News - How Lightning is driving Bitcoin adoption

By Mike Hesp

How Lightning is driving Bitcoin adoption

Microstrategy, Twitter, El Salvador - all of these use cases are contributing significantly to Bitcoin adoption. But Bitcoin has always struggled with high costs and slow transaction processing. How Bitcoin's scalability is changing with Lightning and what Bitcoin investors need to know now.

Bitcoin advocate Michael Saylor integrated the Lightning network into his MicroStrategy email address in April. Through a tweet Saylor showed how the first Satoshis were successfully sent to him at Twitter has been pushing Lightning since 2021: followers can send tips in the form of the cryptocurrency. To do so, Twitter uses an interface with the provider Strike, whose app is already available in parts of the U.S., Argentina and El Salvador. Reading that last country may not be surprising, especially since the Central American state has declared BTC an official means of payment.

A series of such use cases carried by Bullrun 2021 led to an initial acceptance boost for the Lightning network. And yet, even among crypto enthusiasts, the spread of Lightning is very much delayed.

The concept is good, but still in its infancy

Lightning is a second layer network for Bitcoin over which transactions are outsourced. Lightning consists of a series of innumerable payment channels that connect participating nodes. Through these payment channels, any number of transactions can be sent back and forth in near real-time and with low cost, without burdening the cryptocurrency's blockchain.

But although more than five years have passed since the introduction of Lightning, the network is still in its infancy. One reason for the hesitant spread is usability. For example, it requires a Lightning wallet and a Bitcoin wallet to be compatible with each other. Another disadvantage is the limited liquidity between the payment channels. Namely, if there is too little Bitcoin fixed in the network, the channels can only be used to a limited extent.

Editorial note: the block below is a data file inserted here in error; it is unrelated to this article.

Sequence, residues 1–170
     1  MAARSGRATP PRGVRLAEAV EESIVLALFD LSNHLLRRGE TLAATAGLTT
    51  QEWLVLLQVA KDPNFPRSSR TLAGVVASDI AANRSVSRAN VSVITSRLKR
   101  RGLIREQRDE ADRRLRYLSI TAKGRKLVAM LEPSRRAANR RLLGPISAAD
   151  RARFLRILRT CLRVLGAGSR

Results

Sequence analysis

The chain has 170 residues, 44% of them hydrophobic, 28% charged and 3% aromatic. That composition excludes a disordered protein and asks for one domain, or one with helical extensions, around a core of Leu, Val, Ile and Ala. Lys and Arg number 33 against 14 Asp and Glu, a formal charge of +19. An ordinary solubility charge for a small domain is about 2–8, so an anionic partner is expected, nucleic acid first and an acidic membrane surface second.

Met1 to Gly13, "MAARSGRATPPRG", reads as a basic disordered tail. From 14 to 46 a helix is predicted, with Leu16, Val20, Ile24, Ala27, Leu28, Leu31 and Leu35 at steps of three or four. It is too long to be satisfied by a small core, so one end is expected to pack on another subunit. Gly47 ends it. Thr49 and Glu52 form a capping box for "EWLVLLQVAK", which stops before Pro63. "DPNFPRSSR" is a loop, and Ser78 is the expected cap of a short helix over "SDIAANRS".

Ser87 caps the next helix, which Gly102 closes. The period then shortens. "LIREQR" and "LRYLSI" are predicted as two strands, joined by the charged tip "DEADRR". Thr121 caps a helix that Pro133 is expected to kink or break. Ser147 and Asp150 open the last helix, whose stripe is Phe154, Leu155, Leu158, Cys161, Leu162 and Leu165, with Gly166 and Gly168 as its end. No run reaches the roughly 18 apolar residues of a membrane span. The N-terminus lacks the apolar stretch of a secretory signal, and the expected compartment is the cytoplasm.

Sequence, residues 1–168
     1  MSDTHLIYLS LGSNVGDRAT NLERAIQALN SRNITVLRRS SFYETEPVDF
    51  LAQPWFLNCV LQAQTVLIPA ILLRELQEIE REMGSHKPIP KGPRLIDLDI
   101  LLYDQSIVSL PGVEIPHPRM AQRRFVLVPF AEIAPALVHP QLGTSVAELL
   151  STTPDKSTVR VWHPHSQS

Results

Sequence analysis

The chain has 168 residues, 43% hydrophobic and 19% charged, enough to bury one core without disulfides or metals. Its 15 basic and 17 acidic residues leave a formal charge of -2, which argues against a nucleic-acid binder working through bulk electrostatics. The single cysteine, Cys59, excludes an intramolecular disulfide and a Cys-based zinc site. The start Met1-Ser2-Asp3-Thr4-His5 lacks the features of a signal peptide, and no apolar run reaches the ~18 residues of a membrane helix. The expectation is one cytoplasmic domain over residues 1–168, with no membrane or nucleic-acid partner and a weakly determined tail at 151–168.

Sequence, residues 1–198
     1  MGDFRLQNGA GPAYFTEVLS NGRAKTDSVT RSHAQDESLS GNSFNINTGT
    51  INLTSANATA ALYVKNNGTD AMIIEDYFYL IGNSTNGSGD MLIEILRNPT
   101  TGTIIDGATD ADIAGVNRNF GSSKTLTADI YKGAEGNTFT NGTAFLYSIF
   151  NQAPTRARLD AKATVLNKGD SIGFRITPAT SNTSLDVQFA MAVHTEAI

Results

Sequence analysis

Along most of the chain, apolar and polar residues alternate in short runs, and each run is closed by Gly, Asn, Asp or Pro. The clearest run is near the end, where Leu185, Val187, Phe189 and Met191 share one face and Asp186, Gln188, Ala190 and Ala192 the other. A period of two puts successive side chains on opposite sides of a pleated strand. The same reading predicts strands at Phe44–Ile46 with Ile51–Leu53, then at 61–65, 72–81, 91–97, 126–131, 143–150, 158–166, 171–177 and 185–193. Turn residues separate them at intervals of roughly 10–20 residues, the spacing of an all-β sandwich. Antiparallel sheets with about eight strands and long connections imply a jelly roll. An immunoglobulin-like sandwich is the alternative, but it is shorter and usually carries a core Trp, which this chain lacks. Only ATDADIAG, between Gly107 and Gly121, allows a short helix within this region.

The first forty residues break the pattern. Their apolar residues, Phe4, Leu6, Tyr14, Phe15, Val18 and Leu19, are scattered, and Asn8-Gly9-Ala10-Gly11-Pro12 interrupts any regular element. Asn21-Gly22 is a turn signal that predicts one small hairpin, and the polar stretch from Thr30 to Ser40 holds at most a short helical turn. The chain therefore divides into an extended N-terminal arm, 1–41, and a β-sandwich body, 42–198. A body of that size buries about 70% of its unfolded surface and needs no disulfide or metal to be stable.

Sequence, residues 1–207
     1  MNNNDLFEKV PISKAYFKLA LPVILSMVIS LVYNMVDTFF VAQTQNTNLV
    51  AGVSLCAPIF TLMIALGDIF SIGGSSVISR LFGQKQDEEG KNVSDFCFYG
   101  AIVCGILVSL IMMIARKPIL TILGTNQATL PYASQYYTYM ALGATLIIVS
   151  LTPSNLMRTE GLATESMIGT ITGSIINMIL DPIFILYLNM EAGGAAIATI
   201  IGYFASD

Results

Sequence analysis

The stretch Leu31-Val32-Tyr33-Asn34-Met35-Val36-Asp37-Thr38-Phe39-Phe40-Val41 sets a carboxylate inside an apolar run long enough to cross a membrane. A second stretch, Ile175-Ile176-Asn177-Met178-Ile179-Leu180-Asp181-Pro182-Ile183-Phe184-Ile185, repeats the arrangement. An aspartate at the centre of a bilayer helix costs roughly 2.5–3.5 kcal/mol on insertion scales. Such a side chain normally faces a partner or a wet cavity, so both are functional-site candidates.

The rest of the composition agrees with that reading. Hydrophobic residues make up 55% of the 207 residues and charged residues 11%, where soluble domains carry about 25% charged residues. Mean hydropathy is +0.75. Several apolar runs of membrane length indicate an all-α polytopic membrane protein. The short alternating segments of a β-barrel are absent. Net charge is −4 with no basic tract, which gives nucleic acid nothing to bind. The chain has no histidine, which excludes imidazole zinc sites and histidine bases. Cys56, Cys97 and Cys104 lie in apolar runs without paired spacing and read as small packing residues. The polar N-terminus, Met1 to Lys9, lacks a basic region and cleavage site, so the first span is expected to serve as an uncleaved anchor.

Furthermore, there are unresolved issues and security concerns along so-called routing, where transactions are routed across multiple channels. Third-party providers, such as wallet, payment and liquidity services, increasingly mitigate many of the aforementioned challenges, but increasingly contribute to the loss of network decentralization, which is a crucial criterion, particularly among Bitcoin proponents.

How Lightning affects Bitcoin's success?

Lightning has the potential to provide Bitcoin with the scalability it lacks. For example, the network could provide existing companies like VISA with a censorship-proof alternative. Lightning's popularity, however, depends not only on development within the network, but also on the success of Bitcoin itself:

As Bitcoin prices rise, there will be more demand for small- to medium-sized payments in satoshis. It is precisely these everyday payments that Lightning could cover. However, one thing should not be overlooked: How will Bitcoin holders cope with Bitcoin's mass adoption?

If Bitcoin were to be used much more as digital gold with a value storage function and hardly at all as an everyday medium of exchange (currency), then a standardised level of payment such as Lightning offers would be obsolete. However, it seems reasonable to assume that Lightning could help Bitcoin become a new kind of hybrid asset class, establishing both the idea of an alternative money system and the idea of a digital store of value.

And that, in short, would benefit both networks.

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